Climate Change impact on Cave Arts of Sulawesi Island of Indonesia

What is the News?

A new Australian study has suggested that climate change may be accelerating the degradation of Pleistocene-era rock paintings located in the Sulawesi Island of Indonesia. It is the world’s oldest cave art.

About the study:
  • Australian and Indonesian archaeological scientists conducted the study. 
  • The scientists examined around 11 caves and rock-shelters in the Maros-Pangkep region in Sulawesi Island of Indonesia.
  • These are Pleistocene-era rock paintings dating back to 45,000-20,000 years ago.

Which are those ancient cave arts of Indonesia? Some important artworks include:

  • Firstly, the world’s oldest hand stencil (almost 40,000 years ago): It was created by pressing the hand on a cave wall and spraying wet red-mulberry pigments over it.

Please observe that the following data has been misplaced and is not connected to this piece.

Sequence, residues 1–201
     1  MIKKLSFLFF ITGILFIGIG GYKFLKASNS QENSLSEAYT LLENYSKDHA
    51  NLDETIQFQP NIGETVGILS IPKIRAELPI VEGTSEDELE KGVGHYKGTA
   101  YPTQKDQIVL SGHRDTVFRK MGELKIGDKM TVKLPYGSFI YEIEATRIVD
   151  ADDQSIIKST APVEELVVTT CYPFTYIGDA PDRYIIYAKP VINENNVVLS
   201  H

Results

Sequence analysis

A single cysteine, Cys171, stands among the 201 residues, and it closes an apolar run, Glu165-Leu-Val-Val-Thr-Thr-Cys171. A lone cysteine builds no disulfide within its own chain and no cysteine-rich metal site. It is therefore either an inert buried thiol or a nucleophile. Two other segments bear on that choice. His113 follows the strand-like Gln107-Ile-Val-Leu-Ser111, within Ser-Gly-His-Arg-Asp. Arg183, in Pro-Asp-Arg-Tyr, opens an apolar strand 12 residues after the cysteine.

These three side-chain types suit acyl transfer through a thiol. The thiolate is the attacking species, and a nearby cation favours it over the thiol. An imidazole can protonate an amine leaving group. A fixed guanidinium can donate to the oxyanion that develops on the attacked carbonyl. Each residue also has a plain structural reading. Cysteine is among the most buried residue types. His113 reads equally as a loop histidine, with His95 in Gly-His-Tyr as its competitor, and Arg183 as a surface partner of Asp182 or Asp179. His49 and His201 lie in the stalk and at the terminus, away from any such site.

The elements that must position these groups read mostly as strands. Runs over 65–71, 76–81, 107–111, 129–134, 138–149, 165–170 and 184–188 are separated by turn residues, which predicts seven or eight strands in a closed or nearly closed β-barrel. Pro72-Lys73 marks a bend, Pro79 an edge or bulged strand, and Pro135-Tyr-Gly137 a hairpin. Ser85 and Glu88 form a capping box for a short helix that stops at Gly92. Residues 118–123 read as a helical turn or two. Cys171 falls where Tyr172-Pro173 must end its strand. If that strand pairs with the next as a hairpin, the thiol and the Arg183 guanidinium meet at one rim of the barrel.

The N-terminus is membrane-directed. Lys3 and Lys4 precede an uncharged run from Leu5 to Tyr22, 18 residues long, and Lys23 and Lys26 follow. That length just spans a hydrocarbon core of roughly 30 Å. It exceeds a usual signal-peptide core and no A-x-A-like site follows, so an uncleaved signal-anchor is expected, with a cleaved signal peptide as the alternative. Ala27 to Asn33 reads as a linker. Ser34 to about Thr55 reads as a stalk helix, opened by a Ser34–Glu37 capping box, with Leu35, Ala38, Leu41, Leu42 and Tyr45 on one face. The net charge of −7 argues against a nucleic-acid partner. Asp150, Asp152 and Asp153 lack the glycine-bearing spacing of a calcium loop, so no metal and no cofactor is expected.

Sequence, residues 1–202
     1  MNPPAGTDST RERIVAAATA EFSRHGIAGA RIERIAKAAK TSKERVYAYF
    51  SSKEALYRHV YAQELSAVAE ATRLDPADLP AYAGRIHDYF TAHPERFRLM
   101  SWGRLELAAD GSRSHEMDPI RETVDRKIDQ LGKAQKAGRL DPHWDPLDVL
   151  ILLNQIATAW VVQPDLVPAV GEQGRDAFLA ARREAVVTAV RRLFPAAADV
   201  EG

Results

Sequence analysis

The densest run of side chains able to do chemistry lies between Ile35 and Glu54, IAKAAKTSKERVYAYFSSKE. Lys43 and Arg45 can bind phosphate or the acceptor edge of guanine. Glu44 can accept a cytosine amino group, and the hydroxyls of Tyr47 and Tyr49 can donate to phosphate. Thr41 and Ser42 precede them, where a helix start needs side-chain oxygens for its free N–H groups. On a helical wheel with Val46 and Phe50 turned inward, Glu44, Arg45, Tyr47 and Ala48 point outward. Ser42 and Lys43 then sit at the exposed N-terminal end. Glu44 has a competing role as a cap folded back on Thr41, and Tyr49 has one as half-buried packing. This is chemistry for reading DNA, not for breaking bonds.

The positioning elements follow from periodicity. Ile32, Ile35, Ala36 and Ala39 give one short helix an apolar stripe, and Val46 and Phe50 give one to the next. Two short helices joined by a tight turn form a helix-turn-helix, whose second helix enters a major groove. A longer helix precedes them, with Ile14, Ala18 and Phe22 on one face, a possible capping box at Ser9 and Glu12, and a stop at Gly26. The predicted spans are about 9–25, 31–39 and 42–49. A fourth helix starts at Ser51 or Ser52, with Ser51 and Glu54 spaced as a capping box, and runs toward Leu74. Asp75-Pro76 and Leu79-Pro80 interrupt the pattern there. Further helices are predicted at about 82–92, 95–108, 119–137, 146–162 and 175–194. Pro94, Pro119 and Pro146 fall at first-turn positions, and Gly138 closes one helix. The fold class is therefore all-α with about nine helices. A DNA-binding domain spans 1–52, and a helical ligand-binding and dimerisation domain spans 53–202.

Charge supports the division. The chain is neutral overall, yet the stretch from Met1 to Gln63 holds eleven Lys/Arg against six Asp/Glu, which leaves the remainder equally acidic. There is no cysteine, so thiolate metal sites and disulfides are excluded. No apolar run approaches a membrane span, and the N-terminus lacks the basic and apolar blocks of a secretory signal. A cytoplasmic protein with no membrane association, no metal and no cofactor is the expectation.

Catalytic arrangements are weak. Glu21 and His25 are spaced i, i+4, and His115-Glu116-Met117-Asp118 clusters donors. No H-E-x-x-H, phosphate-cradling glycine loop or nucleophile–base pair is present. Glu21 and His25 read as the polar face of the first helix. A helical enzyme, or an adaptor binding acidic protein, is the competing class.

• Secondly, the world’s oldest depiction of an animal (almost 45,500 years ago): The animal depicted is a warty pig painted on the wall.
  • Lastly, one of the caves contains what researchers describe as possibly the earliest known narrative scene in prehistoric art depicting a hunting scene.
Key Findings of the study:

 Salts on Rocks:

  • The researchers studied the flakes of rock that have begun to detach from cave surfaces.
  • It found salts such as calcium sulphate and sodium chloride on three of the cave samples.
  • These salts also form crystals on rock surfaces, causing them to break.
Change in Temperature and Humidity:
  • The artworks made with pigments are decaying due to a process known as haloclasty.
  • Haloclasty is a type of physical weathering caused by the growth of salt crystals. It occurs due to repeated changes in temperature and humidity, caused by alternating wet and dry weather in the region.

Natural Disasters:

  • Indonesia has also experienced several natural disasters in recent years, which have quickened the process of deterioration.
Recommendations:
  • Firstly, Researchers have recommended regular physical and chemical monitoring of the sites to reduce environmental degradation.
  • Secondly, preservation efforts undertaken at the French and Spanish prehistoric cave art sites such as Lascaux and Altamira should also be implemented here.

Source: Indian Express

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